Occupancy Sleepover At Hope Street

It’s not often as the architect you get to stay in the places you have designed. But last night I seized the opportunity to have an ‘occupancy sleepover’ and experience what it is actually like to live in one of our designs.

Prior to Hope Street becoming fully occupied with women residents, One Small Thing who are procuring and delivering the vision of Hope Street, invited me to experience it first-hand. Hope Street is a pioneering residential community for women and their children who have experienced trauma and are in the justice system.

A single occupancy sleepover is not the same of being part of the lived community when all is operational, but does provide a perspective on what it feels like to dwell in the space rather than walking around in architectural inspection.

  1. Light and Sound

I have been to site at various points in the working day but actually to see how the gardens and the inside of a flat feel at different points of the day was revealing. It was a glorious sunny June day and the sun tracks from the rear of the building where the bedrooms are situated, to the front of the building illuminating the living room and deck access.

In the morning the first floor Oriel windows give the bedrooms a bright and optimistic start to the day. By the evening, leaning over the oak handrail to the deck access balustrade I was able to watch the late sun set over the Hub building in front and trees beyond.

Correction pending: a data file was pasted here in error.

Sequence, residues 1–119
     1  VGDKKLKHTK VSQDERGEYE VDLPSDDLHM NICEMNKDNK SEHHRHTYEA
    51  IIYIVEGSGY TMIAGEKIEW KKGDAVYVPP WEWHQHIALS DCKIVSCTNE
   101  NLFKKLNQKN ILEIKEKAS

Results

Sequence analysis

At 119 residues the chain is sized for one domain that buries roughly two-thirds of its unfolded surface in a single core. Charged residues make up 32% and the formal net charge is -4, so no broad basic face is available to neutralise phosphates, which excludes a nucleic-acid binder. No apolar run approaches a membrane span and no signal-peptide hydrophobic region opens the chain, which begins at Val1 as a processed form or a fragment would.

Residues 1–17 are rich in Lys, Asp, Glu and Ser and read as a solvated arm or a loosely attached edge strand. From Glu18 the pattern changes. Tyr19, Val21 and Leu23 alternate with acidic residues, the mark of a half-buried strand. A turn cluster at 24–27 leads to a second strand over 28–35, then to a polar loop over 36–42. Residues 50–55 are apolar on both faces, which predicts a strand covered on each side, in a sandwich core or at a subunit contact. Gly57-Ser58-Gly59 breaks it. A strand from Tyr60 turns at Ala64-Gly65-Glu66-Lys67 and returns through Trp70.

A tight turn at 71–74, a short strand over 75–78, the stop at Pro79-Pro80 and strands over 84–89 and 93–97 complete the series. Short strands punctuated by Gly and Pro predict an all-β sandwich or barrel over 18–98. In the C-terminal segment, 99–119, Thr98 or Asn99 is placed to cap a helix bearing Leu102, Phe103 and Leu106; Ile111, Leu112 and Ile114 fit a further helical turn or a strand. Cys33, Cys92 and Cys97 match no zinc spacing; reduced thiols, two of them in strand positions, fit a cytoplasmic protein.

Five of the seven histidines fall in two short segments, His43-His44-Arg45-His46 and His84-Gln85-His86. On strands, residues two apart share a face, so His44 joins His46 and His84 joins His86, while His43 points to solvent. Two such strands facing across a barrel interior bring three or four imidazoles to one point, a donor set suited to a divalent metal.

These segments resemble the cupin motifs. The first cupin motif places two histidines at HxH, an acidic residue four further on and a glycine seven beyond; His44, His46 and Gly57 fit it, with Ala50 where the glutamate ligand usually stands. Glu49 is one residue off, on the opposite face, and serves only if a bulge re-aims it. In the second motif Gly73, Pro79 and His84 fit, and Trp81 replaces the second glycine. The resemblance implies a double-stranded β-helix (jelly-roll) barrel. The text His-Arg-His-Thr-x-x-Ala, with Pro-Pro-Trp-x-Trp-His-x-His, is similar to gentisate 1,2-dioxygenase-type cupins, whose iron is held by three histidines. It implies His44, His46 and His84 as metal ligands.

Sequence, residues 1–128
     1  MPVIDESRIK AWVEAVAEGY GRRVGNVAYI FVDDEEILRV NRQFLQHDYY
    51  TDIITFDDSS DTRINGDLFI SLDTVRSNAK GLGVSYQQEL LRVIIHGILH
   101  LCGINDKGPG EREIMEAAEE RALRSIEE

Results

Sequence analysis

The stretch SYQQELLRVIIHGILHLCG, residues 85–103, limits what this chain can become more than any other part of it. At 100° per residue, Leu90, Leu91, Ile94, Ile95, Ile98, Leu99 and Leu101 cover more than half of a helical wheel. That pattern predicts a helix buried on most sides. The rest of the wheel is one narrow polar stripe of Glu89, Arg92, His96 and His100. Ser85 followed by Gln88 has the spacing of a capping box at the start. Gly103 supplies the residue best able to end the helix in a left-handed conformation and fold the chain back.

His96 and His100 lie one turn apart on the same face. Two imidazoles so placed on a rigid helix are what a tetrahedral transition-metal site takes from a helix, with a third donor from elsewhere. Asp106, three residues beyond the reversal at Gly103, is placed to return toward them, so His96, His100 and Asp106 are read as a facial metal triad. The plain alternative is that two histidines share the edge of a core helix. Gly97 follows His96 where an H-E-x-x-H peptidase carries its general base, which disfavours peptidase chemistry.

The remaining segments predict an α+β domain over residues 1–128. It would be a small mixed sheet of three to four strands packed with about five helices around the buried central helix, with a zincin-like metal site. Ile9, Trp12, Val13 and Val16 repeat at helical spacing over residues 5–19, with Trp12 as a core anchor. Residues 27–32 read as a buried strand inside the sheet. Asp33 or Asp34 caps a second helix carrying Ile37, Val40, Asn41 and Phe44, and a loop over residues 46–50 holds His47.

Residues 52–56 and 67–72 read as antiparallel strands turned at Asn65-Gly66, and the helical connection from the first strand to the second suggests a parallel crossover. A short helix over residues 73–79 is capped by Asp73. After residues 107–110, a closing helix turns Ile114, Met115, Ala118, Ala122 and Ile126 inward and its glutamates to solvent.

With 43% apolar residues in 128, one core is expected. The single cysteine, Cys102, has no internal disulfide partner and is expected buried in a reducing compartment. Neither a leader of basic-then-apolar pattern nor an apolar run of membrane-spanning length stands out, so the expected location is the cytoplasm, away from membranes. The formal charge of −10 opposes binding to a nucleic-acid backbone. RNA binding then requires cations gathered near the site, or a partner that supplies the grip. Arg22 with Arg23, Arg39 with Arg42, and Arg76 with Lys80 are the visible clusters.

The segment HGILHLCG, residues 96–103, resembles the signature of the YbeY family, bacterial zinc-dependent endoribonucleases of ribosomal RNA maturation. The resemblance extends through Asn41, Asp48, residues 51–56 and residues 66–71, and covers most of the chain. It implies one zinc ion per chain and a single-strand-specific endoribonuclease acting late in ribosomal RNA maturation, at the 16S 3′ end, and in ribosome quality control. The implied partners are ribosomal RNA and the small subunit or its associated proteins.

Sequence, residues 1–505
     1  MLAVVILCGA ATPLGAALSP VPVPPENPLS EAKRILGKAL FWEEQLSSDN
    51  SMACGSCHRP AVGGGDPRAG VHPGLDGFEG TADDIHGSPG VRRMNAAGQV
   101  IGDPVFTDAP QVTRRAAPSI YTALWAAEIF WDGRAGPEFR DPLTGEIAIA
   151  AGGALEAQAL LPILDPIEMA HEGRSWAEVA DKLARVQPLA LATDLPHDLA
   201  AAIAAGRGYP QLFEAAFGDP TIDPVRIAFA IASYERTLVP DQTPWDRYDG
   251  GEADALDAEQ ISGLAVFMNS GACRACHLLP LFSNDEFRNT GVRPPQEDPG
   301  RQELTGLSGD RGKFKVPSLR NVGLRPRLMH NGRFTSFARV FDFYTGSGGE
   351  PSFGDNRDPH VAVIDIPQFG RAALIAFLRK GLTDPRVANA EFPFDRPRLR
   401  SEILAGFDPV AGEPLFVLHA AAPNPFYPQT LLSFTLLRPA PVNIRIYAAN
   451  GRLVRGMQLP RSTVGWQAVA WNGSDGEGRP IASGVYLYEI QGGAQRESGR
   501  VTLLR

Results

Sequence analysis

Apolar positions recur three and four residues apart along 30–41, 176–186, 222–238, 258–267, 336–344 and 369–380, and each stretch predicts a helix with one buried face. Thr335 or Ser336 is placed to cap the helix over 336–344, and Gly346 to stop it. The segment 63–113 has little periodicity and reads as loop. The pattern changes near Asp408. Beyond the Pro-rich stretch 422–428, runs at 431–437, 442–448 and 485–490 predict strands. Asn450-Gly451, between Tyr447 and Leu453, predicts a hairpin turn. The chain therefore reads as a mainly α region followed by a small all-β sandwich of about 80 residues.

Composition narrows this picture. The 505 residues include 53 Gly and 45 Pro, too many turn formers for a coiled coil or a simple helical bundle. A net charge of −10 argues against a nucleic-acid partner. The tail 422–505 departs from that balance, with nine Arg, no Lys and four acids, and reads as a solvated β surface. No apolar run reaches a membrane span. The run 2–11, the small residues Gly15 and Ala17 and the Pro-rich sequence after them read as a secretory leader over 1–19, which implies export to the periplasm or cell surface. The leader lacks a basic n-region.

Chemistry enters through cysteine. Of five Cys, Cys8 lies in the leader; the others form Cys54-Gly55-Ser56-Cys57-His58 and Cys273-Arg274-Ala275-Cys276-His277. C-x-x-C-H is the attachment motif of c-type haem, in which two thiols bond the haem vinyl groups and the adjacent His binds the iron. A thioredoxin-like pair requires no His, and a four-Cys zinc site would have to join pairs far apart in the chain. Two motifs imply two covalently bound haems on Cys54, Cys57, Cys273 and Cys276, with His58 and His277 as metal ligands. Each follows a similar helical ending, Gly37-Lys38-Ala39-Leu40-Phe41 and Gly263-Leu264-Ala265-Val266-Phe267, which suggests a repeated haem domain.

Once the contractors finishing the landscape had left for the day, the site was much quieter and the therapeutic garden felt like the protected sanctuary it was designed to be. The residential building sits into its residential surrounding and the sounds of the city are present but distant.

There will probably be much more vibrancy when all the flats are occupied. However, the opportunity remains for Hope Street to straddle the line between being a safe, peaceful sanctuary, yet remaining within and in touch with society.

At night the triple glazed windows to the bedroom mean it is very quiet. However, when you open the restricted bedroom window the bedroom door rattles which you can only appreciate as you lie in bed waiting to drift off.

2. Feels like home

When so much effort has been collectively put in to design Hope Street as a ‘home’ and avoid the feeling of an institution, it was satisfying and perhaps a relief to feel at home and enjoy staying the night.

Design decisions such as the size of the bedrooms and the aspect from open plan living spaces were considered at length, and each individually are questionable as to whether they make ‘the big difference’, especially to be justified on a spreadsheet. However, as the name of the charity suggests, each aspect is ‘one small thing’ that contributes to the whole, and the sum of these interrelated decisions do define whether the building ‘feels like home’.

In conversation with One Small Thing’s senior team about their feelings of staying over we have already made changes in the manifestation package. The glazed front doors that open to the living spaces are important for natural light, but now have much greater privacy at night time from the views of those in the Hub. Especially with a trauma informed design mindset, privacy in your own home space is critical to ‘feeling at home’. It was good to experience the positive effect these changes had made.